As you so kindly published in your valuable magazine my strawberry feat, perhaps you will further indulge me in a little more bragging. I am prepared, sir, to measure crowns with the champion man on strawberries, whoever he may be. I am now setting Monarch of the West ground layers, that are simply immense. They stand fully a foot in height, with great spreading foliage. Weeks ago I measured a Seth Boyden ground layer, transplanted from an April set plant, and found it 19 inches across. But my ruling desire, in this communication is to " sound a note of warning" on the use of Paris green for exterminating that pestilent foe of the strawberry, the grub. I observe one of your correspondents employed a mole to capture the enemy with - decidedly an "elevating" result. I used a solution of Paris green, and killed my splendid Sharpless outright, - Mr. grub not heard from. A veteran fruit grower started me on this work of devastation. He recommends as a preventative, to dip the roots in a strong solution of Paris green, before setting. My candid opinion, founded on high authority, is that it would effectually destroy the plants before the grub could find them.

I poured my solution about the plants.

Scientific experiments have proven that arsenical preparations, in certain proportions, are •destructive of plant life. Professor Freytag, from the actual effect of sulphurous and metallic fumes of the Freiberg Metallic Works upon vegetation, discovered that solutions containing only .80 per cent, arsenious acid, killed plants placed in them. Prof. Wm. McMurtrie, chemist of the Department of Agriculture at Washington, in a series of careful experiments demonstrated conclusively that 500 milligrams of Paris green in the soil is injurious to vegetation, and that as the arsenical compound is increased so the injury is increased. From an experiment of my own, a concentrated solution of Paris green is innocuous to worm life when drenched with it. Paris green, in solution, within certain limits, may be used with safety. Better, I think, to dispense with it altogether. It has killed more than it has cured, from carelessness. As to the grub, he is a tough customer, and must be hunted down and sacrificed remorselessly. His presence is first detected by the curling and withering of the leaf. Remove the soil very carefully from about the plant and kill the grub feeding at the collar of the root.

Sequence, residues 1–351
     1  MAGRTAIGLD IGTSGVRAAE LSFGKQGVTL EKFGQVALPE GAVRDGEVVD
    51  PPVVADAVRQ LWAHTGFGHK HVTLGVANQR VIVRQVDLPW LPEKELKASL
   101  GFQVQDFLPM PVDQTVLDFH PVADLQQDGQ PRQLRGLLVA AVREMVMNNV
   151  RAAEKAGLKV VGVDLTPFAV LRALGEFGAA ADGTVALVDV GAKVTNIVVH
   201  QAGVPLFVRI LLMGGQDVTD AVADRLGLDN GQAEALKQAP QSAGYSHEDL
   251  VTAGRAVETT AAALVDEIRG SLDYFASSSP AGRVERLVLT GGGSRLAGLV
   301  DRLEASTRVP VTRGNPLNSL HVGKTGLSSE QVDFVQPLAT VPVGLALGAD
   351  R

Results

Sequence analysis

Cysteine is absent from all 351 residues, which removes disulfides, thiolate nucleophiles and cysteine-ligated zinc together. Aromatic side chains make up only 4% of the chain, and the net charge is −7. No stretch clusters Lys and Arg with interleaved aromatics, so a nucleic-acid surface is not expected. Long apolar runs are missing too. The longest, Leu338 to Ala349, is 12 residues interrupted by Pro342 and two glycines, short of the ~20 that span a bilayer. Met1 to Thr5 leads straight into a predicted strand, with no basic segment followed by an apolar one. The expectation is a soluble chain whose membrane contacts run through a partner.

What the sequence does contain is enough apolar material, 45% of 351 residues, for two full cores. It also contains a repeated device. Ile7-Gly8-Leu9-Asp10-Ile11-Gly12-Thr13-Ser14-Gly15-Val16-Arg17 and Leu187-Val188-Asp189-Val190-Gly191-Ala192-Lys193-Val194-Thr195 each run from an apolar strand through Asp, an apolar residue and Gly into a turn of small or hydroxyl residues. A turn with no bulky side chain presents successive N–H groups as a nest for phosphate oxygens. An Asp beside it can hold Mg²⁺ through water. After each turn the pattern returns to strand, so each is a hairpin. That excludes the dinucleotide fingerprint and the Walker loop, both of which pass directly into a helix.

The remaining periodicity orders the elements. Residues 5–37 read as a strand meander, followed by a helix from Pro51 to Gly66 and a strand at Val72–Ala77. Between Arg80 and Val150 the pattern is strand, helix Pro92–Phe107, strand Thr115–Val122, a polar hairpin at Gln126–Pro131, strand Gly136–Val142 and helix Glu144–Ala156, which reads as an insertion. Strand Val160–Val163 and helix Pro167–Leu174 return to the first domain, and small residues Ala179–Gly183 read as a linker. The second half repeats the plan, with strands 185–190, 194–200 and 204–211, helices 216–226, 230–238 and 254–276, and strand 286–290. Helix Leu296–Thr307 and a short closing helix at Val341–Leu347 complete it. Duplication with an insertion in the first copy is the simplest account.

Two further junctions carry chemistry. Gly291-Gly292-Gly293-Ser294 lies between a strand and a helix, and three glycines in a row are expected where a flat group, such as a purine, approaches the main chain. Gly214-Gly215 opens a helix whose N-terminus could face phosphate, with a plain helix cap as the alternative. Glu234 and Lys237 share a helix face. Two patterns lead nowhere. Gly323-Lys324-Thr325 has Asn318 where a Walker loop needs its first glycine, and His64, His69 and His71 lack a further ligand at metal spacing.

Hoe the alleys very circumspectly, from time to time, to destroy grubs that may be lurking near the plants. "An ounce of prevention is worth a pound of cure." Many remedies are given to prevent the ravages of worms and insects upon vegetation, but do not rely too much upon them. Search, search, search, - kill; would be my summing up. Begin in time. Beat time at his own game. I write with the fervent hope of aiding some fellow-lover of the Fragraria vesca, and trusting that I have not imposed an unmeaning task upon you.